The Risks Associated With Maternal Antidepressant Use During the Prenatal and Postnatal Stages of Development

Stolzer, Jeanne M.
July 2010
Ethical Human Psychology & Psychiatry;2010, Vol. 12 Issue 2, p86
Academic Journal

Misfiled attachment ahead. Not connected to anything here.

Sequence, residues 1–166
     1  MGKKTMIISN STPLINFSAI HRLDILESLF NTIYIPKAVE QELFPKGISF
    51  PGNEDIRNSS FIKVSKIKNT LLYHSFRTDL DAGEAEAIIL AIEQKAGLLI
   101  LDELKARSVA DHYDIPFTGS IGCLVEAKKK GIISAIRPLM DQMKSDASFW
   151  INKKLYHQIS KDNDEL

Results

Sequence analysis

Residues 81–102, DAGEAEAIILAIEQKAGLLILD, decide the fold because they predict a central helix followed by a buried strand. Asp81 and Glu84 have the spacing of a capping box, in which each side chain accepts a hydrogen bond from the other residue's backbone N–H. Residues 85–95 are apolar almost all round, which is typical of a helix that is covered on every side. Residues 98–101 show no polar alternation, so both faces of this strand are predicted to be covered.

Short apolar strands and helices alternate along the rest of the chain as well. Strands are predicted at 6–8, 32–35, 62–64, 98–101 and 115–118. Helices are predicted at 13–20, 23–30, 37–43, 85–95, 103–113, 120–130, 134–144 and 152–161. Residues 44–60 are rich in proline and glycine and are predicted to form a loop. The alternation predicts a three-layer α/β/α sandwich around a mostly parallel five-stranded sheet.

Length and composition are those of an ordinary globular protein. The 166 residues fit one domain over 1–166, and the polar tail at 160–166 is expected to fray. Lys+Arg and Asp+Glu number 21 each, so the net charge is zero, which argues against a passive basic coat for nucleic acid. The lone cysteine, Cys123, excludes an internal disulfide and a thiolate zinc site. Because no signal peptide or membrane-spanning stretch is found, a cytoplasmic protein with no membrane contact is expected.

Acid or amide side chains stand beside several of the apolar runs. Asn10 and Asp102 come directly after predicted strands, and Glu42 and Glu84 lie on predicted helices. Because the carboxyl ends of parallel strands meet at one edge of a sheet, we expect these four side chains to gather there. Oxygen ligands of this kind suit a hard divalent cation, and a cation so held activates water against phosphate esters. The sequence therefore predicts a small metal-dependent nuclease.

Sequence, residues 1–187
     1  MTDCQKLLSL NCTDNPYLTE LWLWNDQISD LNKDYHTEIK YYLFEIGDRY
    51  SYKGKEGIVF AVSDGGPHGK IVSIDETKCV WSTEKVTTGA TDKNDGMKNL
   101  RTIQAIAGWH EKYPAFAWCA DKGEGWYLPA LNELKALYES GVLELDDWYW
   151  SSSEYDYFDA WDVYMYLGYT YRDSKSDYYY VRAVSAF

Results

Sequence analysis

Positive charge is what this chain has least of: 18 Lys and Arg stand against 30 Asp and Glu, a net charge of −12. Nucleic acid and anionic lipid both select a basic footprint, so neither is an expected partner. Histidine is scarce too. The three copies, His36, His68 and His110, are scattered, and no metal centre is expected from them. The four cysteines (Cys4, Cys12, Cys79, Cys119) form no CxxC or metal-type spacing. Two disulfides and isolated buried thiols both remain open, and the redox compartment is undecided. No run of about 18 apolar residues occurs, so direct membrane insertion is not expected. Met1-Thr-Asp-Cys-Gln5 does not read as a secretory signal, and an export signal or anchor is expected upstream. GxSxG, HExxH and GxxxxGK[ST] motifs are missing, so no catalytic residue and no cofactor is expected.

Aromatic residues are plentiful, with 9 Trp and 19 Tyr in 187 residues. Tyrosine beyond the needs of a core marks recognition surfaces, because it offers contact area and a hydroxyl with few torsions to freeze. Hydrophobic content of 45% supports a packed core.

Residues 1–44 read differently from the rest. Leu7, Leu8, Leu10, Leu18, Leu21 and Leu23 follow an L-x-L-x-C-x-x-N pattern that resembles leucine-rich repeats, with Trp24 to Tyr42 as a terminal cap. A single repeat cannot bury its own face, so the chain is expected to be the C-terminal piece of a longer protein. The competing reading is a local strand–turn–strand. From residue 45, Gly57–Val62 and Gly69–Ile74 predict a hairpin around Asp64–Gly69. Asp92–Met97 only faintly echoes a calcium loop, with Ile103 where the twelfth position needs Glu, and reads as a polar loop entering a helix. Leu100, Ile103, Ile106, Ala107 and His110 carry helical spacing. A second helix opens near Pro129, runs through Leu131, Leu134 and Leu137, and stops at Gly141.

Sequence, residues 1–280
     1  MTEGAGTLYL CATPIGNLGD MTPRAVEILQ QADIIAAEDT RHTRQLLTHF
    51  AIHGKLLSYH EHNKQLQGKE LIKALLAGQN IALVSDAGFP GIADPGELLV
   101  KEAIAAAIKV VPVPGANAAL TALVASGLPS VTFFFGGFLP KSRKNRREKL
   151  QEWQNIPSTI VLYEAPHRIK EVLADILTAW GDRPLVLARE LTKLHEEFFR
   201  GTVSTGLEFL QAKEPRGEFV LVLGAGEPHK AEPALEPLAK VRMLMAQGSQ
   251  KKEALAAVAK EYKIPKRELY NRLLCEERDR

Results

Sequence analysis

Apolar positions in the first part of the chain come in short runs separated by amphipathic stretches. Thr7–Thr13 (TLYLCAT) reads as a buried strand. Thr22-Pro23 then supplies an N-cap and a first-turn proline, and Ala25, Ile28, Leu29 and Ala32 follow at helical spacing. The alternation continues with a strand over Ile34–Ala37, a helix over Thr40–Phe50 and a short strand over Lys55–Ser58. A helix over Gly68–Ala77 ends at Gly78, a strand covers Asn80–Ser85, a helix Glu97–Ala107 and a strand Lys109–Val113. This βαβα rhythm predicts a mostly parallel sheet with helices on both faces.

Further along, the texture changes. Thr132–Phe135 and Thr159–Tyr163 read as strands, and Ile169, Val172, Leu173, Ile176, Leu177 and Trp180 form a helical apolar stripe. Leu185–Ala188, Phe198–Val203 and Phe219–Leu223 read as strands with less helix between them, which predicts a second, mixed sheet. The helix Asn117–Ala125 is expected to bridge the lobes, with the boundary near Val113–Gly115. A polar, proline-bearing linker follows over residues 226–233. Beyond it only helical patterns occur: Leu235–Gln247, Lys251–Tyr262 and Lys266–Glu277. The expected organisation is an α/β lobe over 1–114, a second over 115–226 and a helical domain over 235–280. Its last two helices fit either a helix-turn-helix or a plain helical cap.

Over the past decade, maternal antidepressant use has skyrocketed in the United States. Maternal depression, which was once categorized as an extremely rare condition, is now the leading cause of disability in American women aged 18 to 44 (Stewart, 2005). In spite of the published data that document the risks associated with antidepressant use in maternal and pédiatrie populations, physicians throughout the United States continue to prescribe these drugs to pregnant and lactating women. Never before in the history of humankind have we witnessed the intentional drugging of pregnant women and nursing mothers in order to alleviate specific emotional feelings. This unprecedented drugging of maternal populations has led many in the scientific community to question the reliability of current-day depression assessments, as many scholars have pointed out that the available assessment tools are highly subjective and lack scientific validity. The goal of this article is to offer a scientifically sound alternative to the current medical model's definition and treatment of maternal depression and to explore the historical, neurological, hormonal, familial, political, economical, and cultural correlates that have been associated with maternal depression in the United States.


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